Hello my dears!! Today I’ll talk about the famous “Star System”. But, what is this?
The Star System was a phenomenon very important in the period of American Classic Cinema and it is very useful until today. According to Machado (2009) and Gubernikoff (2009), it was worked the stereotypes and archetypes of the artists, through the own spectator’s vision who passed to treat the movies’ actors like important people to society or like real heroes. Then the cinema worked like a mirror to the public because the spectators began to identify themselves emotionally, not only with the movies or the characters but, especially, with the actors. Wasson (2011) says that:
Since the era of first stars from Hollywood, cinema’s spectators have been devouring a constant dose of self-image. It being man or woman, boy or girl, the screen shows a mirror to the public, reflecting what is adequate or inadequate in terms of family, love, war and genre – sometimes consciously, others not (WASSON, 2011, p. 44).
Paes (2012, online) shows us that, the big first decade where the Star System stood out was in the 30’s because it was when the talkies appeared, approaching more the spectator with the sound in the movies. In the 40’s years appeared the “sex symbols” and the actresses became known by nicknames: Ginger Rogers was “the ballerina”; Bette Davis was “the rag doll”; Ingrid Bergman, “the foreign”; Ava Gardner, “the most beautiful animal of the world”; etc. Already about the actors, there were the “medium men” as Henry Fonda and James Stewart; the “adventurous” as Gary Cooper, Clark Gable and Humphrey Bogart; the singers and dancers as Frank Sinatra, Fred Astaire and Gene Kelly, among others.
Coming in the 50’s decade, according to Gubernikoff (2009): “in 1950, a search pointed that 48% of the female public and 36% of the male public chose the movies from the cast”. (GUBERNIKOFF, 2009, p. 70).It was through the Star System that the actors created an “image” in front of the public and, until nowadays, this image is maintained strongly in the mind of people. Wasson (2011) still shows that:
Working with all the hurry, the studios of Hollywood molded its stars in the amalgamated form of cultural, political and financial factors which when they’re mixed in the right proportions they reached the time’s spirit with lucrative regularity. […] Movies’ stars are built, they don’t born ready, and their parents aren’t their mothers and fathers, but the legion of authors, directors, costumers and, above of everything, the studios’ chiefs who cared for their persona – their filmic personality – could attend the particular necessities of time and place. […] This was the formula, and since the beginning of Hollywood the stars’ machines of studio used it to produce stars, like power plants produce strengths, using x insistently until Archie Leach become Cary Grant and Norma Jean Baker become Marilyn Monroe. (WASSON, 2011, p. 42-43).
The Star System also contributed to become characters of big actresses as Audrey Hepburn, Bette Davis, Elizabeth Taylor, Grace Kelly, Marilyn Monroe and others, in some of the bigger success of the cinema’s history. But, in general, these actresses still acted stereotyped roles, for example: Audrey Hepburn and Doris Day usually represented roles more “correct” and Marilyn Monroe, on the other hand, used to represent the bad side, in general lovers or dumb blondes. About this theme, Wasson (2011) comments that in the classic period of American cinema there was an extreme dialectic to women, especially in the 50’s decade: “in the 50’s years, if you were a woman, a lot of things were wrong and a few things were honorable. Or you were a slut or a saint.” (WASSON, 2011, p. 44).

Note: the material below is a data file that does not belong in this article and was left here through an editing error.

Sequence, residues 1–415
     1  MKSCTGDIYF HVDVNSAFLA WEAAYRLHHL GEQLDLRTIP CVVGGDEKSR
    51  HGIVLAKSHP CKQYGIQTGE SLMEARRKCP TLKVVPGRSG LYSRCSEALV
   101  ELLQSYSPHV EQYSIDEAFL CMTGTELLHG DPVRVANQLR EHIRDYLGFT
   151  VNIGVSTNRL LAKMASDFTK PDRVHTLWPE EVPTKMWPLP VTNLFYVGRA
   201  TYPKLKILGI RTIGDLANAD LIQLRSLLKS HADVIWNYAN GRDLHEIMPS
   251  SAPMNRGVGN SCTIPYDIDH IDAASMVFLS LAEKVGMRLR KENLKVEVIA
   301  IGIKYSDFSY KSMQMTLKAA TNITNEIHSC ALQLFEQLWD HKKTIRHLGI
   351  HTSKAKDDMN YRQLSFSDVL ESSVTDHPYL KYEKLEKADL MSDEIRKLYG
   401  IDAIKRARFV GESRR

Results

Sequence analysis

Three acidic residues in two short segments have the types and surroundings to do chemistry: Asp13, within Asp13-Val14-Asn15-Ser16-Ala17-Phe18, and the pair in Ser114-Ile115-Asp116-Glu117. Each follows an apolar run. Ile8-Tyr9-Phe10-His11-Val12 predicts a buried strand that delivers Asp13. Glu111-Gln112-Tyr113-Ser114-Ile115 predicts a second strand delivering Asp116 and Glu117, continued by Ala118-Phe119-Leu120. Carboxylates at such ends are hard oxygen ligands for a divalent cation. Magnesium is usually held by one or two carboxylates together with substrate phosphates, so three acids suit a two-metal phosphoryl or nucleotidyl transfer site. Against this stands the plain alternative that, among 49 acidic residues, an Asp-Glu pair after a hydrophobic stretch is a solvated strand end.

Nowadays this phenomenon is still very used in the cinema because it became itself in the heart of the film industry. It is very common people wear similar clothes that their favorite artists, use the same accessories or make the same poses in photos because the Star System stimulates this kind of attitude, once people identify themselves with these artists. Furthermore, the Star System also has been used by advertising through the image’s appropriation of the artists that is used to sell the products for the appropriate public, with the creation of an emotional connection between the public and the campaign, provided by this use of artists.
GUBERNIKOFF, Giselle. A imagem: representação da mulher no cinema [The image: representation of woman in the cinema]. Conexão – Comunicação e Cultura [Connection – Communication and Culture], UCS, Caxias do Sul, v. 8, n. 15, Jan/Jun 2009. Available in: <http://www.ucs.br/etc/revistas/index.php/conexao/article/view/113/104>. Access in: Apr, 15th 2014.
MACHADO, Mariângela. A formação do espectador de cinema e a indústria cinematográfica norte-americana [The formation of cinema’s spectator and the North-American film industry]. Rio Grande do Sul: Sessões do Imaginário [Imaginary’s Sessions], 2009. Available in: <http://revistaseletronicas.pucrs.br/ojs/index.php/famecos/article/view/6475>. Access in: Mar, 28th 2014.
PAES, Roberto. O mito e o “Star System”: Décadas de 30, 40 e 50 [The myth and the “Star System”: Decades of 30, 40 and 50]. 2012. Available in: <http://blog.newtonpaiva.br/direito/wp-content/uploads/2012/08/PDF-D1-05.pdf>. Access in: Apr, 20th 2014.
WASSON, Sam. Quinta Avenida, 5 da manhã: Audrey Hepburn, Bonequinha de luxo e o surgimento da mulher moderna [Fifth Avenue, 5 A.M.: Audrey Hepburn, Breakfast at Tiffany’s, and the dawn of the modern woman]. Translated by José Rubens Siqueira. Rio de Janeiro: Zahar, 2011. Cap. 01.